The Ford Motor Co. said Monday that a healthy U.S. economy and strong sales of trucks boosted its third-quarter earnings to $1.1 billion, up 10 percent over last year.
The world's No. 2 automaker earned 90 cents a share for the three months ending in September, compared with $1 billion, or 80 cents a share, for the same period of 1998.
Sales totaled $38 billion, up 16 percent from $32.6 billion a year ago.
The results beat Wall Street analysts' expectations of 85 cents a share, according to a survey of 13 analysts by First Call/Thomson Corp.
Ford's earnings were reduced $125 million by a one-time profit reduction related to higher costs for retiree healthcare and life insurance at Ford's parts division, Visteon Automotive Systems.
It was the 14th straight quarter of improved earnings for Ford, which has enjoyed a record-setting year for car and truck sales. The company also reached a contract agreement with the United Auto Workers earlier this month without a costly work stoppage.
"We continued our strong earnings momentum, despite very competitive markets worldwide, by building our brands, leveraging the synergies offered by our global scale and maintaining a rigorous cost discipline," said Ford president and CEO Jac Nasser.
Earnings in Ford's automotive operations totaled $690 million, a gain of 7 percent over $646 million last year. Revenue from auto operations was up 18 percent, from $26.5 billion to $31.3 billion.
Profits in North America and cost-cutting offset Ford losses in Europe and South America. The company said it had cut costs $300 million in the quarter, and had squeezed out $700 million in cost cuts so far this year.
In North America, Ford earned $1 billion, up 12 percent from the third quarter of 1998. Ford said a firm job market and low borrowing costs contributed to strong sales; through September, Ford's U.S. light vehicle sales were up 5 percent, excluding Jaguar and Volvo.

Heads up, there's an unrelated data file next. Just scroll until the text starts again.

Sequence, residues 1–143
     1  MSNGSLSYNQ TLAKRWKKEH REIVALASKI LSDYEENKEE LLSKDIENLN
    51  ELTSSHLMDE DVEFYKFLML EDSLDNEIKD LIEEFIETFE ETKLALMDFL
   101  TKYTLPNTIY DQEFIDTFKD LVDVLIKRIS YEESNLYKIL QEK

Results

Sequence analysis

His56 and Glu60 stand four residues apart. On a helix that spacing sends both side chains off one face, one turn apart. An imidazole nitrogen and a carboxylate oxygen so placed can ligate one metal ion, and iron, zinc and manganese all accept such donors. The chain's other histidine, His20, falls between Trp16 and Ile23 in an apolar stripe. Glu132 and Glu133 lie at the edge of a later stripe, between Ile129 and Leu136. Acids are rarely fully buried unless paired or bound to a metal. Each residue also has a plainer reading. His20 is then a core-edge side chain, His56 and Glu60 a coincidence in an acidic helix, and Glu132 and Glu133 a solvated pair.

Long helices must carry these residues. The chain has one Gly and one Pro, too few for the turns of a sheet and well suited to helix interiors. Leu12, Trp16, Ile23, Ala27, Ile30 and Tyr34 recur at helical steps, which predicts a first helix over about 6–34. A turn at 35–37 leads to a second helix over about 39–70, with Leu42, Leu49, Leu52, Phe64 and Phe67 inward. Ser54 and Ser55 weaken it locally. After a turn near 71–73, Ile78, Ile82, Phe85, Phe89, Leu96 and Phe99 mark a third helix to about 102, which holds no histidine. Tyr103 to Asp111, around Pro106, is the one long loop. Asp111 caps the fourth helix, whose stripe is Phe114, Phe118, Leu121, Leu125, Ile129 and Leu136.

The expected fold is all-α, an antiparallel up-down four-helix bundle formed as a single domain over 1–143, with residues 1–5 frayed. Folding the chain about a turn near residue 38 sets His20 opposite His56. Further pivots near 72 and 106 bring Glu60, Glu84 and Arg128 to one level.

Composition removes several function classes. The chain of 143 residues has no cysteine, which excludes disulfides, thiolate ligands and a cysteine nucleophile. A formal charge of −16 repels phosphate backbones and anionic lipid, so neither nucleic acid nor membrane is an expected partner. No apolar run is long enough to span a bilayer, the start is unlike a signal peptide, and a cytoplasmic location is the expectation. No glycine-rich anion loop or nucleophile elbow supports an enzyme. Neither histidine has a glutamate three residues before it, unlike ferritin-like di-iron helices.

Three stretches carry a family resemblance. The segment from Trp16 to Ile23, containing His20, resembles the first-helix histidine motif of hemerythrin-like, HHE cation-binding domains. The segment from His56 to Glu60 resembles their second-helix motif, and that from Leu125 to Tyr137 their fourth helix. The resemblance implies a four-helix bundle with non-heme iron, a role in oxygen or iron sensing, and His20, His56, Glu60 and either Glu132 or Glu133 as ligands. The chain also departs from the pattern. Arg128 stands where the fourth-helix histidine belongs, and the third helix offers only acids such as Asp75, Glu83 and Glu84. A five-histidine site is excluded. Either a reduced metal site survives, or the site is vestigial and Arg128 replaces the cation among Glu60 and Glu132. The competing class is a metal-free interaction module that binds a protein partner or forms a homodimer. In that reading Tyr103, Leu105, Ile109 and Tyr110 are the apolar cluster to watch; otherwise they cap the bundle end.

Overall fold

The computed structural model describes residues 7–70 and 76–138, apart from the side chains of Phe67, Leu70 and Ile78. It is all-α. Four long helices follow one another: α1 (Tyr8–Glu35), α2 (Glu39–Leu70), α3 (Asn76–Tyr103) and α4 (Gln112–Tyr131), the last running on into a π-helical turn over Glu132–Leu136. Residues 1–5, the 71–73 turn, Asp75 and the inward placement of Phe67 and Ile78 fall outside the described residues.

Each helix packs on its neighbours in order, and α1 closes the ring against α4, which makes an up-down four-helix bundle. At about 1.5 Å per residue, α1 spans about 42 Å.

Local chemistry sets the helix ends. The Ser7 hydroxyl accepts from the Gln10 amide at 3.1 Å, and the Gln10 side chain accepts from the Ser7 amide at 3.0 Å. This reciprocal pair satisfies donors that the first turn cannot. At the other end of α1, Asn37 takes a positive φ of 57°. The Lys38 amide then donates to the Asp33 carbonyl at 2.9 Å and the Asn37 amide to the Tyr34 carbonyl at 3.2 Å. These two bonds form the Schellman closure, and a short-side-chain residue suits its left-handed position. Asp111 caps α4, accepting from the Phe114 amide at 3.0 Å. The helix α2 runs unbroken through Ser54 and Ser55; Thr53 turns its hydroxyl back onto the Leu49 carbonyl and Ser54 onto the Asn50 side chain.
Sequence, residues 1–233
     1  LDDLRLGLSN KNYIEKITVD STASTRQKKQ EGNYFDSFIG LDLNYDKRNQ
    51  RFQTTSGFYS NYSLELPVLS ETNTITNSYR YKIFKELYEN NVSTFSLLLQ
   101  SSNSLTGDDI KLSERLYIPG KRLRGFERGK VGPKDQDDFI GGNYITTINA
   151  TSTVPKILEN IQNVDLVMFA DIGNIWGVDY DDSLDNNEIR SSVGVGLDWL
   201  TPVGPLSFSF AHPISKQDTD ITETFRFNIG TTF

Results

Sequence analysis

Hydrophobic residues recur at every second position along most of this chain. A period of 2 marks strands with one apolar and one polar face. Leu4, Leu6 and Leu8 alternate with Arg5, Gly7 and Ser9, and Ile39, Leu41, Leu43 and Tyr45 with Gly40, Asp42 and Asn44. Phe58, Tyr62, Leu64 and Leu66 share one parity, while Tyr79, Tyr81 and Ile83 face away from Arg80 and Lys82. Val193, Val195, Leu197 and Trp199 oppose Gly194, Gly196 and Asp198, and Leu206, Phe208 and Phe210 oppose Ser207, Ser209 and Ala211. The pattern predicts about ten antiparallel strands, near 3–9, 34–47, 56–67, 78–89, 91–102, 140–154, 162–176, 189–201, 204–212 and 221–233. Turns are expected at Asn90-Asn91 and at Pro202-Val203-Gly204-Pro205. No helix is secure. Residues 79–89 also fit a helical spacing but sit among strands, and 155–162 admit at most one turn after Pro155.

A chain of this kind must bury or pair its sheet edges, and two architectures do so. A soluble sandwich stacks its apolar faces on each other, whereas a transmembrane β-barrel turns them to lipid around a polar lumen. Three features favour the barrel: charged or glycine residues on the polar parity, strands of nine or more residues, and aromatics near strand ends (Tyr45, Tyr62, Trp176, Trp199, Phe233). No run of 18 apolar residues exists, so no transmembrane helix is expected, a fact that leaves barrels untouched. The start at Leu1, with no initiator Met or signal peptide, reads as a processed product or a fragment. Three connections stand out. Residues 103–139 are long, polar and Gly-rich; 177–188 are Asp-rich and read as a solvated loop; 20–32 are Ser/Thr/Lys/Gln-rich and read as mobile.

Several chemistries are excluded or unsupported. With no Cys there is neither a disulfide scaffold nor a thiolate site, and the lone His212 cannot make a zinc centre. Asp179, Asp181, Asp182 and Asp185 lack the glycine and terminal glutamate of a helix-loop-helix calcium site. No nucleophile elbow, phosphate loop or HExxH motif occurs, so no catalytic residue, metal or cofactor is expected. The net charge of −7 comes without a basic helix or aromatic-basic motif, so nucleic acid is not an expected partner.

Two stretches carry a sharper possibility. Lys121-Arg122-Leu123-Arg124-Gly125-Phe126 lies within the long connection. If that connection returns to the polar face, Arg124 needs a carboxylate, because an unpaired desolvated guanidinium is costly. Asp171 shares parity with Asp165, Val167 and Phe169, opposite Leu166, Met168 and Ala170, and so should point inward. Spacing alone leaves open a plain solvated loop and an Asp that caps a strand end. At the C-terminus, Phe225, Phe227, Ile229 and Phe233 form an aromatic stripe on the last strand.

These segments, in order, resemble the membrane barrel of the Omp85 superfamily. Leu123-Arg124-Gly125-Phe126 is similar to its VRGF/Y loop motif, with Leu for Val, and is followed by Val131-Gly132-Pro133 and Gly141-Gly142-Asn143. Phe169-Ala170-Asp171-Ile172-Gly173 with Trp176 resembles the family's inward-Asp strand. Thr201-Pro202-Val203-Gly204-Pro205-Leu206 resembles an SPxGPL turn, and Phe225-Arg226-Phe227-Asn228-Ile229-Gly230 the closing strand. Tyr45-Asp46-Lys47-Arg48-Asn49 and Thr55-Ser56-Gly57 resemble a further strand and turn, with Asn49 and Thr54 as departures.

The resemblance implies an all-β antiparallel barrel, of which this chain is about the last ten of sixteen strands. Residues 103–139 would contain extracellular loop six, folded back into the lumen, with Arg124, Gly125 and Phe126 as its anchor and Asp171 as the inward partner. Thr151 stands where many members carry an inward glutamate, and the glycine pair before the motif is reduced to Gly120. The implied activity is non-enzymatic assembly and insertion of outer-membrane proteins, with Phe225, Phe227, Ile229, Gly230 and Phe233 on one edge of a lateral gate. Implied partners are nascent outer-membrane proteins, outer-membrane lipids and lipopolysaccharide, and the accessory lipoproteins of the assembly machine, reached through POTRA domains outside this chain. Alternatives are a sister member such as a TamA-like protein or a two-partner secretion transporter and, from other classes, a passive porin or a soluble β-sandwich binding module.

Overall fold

In Europe, the company lost $171 million, compared with a loss of $273 million last year. Ford said lower sales of its Mondeo and Fiesta cars were partially offset by cost cuts, improvements in Jaguar sales and the addition of Volvo AB, which Ford bought last year. Ford said it did not expect to improve its earnings in Europe over last year.
Losses increased in South America to $72 million, from $44 million last year. A weak economy in Brazil and work stoppages there hurt earnings, the company said.
For the first nine months of 1999, Ford earned a record $5.4 billion, or $4.39 a share. The company's previous record was $4.9 billion in the first nine months of 1998, excluding a gain of $16 billion from the sale of Associates First Capital, a finance company.
The company said its automotive cash was also a record $25.7 billion, up from $22.9 billion a year ago. Minus outstanding debt, the company had $12.9 billion, down from $13.1 billion last year. Ford said spending on acquisitions was offset by a strong cash low.
Ford's other divisions reported higher profits. Visteon earned $155 million, including the adjustment for retiree benefits, a gain of $7 million, or 5 percent, over a year ago. Ford is considering a spin-off or sale of Visteon, and said the division had won $1.7 billion in new contracts so far this year, and that 36 percent was from customers other than Ford.
Ford Credit earned $317 million, up 16 percent or $45 million from a year ago. The company said higher costs due to employee separation programs were offset by more financing. Ford's Hertz rental-car unit earned a record $139 million, up 17 percent from $119 a year ago.
By Justin Hyde